To our final question if he had a message to all Lankan women on preventing and minimising risks of Cervical cancer, he gave the following advice :

1. Vaccinate all females at the age of 12 with HPV vaccine

2. Live with a responsible sexual behaviour minimising the risk of transmission of HPV and other sexually transmitted diseases

3. Participate in the cervical cancer screening program at the age of 35 years and 45 years through Well Women Clinic Programs

4. If you miss cervical cancer screening at the above mentioned age groups discuss with your primary care doctor

5. If you have any abnormal vaginal bleeding or any abnormal discharge always seek medical advice without delaying

6. If you need any advice or assistance discuss with your family doctor, medical officer of Health (MOH), Public Health Nursing Sister (PHNS), Public Heath Nursing Officer (PHNO) or Public Health Midwife (PHM)

7. Visit the website of National Cancer Control Program (www.nccp.health.gov.lk ) fur further details and to attend to Cancer Early Detection Centre at Narahenpita, Colombo 5

Rains, uncovered food, poor personal hygiene can cause Hepatitis - Health Ministry warns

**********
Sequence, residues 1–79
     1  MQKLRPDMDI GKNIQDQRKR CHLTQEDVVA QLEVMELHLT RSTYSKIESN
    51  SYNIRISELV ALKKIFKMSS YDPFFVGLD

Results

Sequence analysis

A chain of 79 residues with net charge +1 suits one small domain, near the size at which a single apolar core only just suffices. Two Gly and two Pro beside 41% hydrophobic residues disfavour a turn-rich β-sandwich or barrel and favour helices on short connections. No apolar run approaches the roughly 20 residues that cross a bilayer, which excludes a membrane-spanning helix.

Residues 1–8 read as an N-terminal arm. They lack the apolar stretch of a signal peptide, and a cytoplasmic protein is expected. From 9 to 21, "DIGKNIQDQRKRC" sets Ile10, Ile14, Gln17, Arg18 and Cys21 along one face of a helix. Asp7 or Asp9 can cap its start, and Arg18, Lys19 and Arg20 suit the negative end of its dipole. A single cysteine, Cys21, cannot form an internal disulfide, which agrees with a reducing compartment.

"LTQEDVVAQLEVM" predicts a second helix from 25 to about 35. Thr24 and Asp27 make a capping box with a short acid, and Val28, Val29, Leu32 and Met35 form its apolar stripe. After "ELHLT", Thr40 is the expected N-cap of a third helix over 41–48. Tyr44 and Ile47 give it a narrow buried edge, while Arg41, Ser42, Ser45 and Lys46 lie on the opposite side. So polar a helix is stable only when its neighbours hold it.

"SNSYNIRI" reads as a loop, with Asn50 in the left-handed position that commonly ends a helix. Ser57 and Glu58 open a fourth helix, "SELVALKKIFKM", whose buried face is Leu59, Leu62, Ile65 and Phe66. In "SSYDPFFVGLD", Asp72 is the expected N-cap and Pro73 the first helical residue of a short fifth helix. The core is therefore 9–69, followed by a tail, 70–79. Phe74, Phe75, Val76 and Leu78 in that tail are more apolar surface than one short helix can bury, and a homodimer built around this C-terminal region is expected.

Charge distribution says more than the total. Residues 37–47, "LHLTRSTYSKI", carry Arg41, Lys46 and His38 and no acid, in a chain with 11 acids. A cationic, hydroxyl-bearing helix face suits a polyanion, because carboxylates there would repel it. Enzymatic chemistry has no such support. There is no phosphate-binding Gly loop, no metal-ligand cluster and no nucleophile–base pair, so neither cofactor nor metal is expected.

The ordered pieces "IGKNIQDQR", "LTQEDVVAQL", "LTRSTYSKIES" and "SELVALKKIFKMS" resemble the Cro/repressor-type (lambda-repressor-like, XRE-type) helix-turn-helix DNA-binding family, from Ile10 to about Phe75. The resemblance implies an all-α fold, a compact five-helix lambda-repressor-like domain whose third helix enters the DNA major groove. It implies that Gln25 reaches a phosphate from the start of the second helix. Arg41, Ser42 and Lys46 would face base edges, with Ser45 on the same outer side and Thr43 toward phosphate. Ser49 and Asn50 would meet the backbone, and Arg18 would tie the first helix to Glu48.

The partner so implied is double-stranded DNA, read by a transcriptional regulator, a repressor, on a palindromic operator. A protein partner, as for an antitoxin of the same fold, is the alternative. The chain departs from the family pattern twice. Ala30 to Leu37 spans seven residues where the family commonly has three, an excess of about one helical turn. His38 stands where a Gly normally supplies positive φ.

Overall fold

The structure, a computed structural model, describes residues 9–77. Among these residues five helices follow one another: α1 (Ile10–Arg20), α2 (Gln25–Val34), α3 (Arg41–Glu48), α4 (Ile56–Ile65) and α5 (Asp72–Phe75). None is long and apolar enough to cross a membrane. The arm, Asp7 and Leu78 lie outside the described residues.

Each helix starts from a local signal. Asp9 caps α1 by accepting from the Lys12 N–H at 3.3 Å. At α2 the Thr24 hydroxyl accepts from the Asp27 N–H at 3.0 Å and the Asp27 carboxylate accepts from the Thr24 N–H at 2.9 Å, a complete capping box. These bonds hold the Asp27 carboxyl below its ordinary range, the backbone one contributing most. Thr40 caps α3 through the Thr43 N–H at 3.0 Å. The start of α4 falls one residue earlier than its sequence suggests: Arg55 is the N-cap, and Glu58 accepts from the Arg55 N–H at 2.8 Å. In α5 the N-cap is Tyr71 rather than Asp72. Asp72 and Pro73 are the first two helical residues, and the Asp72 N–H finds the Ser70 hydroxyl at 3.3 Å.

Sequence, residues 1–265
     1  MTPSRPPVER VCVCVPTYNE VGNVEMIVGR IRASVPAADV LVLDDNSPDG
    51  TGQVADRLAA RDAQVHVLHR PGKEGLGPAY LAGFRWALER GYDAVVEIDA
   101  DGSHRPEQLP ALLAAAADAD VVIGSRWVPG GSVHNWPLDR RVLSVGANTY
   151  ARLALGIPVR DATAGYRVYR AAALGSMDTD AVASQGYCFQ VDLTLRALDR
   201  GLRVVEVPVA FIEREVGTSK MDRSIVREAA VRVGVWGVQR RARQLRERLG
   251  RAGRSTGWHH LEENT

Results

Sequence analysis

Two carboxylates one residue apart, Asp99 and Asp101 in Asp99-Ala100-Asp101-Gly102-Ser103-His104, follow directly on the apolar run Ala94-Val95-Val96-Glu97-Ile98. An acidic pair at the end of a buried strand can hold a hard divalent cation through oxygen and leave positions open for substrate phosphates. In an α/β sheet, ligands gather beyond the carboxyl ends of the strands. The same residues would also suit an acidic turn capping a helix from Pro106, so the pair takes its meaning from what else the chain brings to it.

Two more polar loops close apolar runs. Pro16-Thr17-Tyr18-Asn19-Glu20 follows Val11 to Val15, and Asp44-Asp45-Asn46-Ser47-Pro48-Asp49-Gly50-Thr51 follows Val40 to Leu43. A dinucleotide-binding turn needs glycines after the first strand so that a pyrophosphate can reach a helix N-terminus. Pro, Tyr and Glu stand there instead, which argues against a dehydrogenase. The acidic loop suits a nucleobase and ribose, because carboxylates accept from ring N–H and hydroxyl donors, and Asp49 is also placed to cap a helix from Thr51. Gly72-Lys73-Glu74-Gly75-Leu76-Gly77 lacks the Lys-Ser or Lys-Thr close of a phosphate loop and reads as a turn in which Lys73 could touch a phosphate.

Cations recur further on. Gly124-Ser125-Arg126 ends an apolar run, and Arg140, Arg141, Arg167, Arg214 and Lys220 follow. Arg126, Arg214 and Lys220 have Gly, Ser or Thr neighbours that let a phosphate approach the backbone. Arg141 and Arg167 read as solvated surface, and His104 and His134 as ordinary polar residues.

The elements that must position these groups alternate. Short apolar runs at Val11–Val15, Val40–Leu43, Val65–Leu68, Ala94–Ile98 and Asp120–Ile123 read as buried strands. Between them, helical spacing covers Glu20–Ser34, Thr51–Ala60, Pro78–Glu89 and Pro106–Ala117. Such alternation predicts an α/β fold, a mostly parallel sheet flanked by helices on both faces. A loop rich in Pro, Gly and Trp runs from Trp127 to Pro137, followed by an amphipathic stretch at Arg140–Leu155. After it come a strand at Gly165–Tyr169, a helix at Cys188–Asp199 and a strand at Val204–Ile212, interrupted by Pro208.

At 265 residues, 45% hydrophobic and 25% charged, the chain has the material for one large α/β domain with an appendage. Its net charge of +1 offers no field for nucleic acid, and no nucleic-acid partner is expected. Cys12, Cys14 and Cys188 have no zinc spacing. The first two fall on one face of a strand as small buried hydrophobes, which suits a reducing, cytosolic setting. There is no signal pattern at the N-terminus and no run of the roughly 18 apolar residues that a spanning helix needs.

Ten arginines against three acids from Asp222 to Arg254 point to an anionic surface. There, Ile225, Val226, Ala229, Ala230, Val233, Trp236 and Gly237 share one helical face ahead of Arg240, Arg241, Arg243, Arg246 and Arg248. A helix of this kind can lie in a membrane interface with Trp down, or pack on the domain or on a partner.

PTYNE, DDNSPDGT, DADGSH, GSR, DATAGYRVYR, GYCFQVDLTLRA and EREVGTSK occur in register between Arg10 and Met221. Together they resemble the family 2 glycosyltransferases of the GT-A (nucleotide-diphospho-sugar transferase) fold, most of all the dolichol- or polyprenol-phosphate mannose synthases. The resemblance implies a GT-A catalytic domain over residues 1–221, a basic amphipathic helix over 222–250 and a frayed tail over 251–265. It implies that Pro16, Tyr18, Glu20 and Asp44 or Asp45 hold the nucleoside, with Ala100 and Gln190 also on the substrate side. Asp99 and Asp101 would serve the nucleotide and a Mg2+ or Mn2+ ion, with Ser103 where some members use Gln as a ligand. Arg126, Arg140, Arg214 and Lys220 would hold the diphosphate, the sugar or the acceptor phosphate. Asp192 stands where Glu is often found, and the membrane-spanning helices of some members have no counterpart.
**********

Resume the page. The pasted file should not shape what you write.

With the onset of the monsoons and stagnant water pools dotting the island, health officials have expressed concern that uncovered food, poor personal hygiene and lack of proper toilet facilities in overcrowded areas especially in refugee camps where flood victims have been housed may cause an outbreak of hepatitis , typhoid and dysentery, a Health Ministry official warned.

Community Physician Ministry of Health Dr. Ramya Premaratne told the Sunday Observer that it was the duty of the public to follow strict health rules to avoid these water borne diseases . “We have to be especially careful about Hepatitis “ she emphasised.

Asked to explain to readers what Hepatitis is and how it is caused, symptoms to look for and its impact on the body she said, “ Hepatitis is an inflammatory condition of the liver. It’s commonly caused by a viral infection, but there are other possible causes of hepatitis.

These include autoimmune hepatitis and hepatitis that occurs as a secondary result of medications, drugs, toxins, and alcohol. Autoimmune hepatitis is a disease that occurs when your body makes antibodies against liver tissue.”

On the more common water borne Hepatitis E, a disease caused by the hepatitis E virus (HEV), she explained that Hepatitis E was mainly found in areas with poor sanitation and typically results from ingesting faecal matter that contaminates the water supply. Uncovered food which attracts flies and other insects could also lead to this water and food borne disease especially during rainy weather and floods, she noted.

Asked what interventions were in place by the Health Ministry to prevent the disease, she said “We are conducting awareness raising classes to educate the public and providing infrastructure such as new toilets , provision of hand sanitisers and soap and basic facilities to those who needed them”.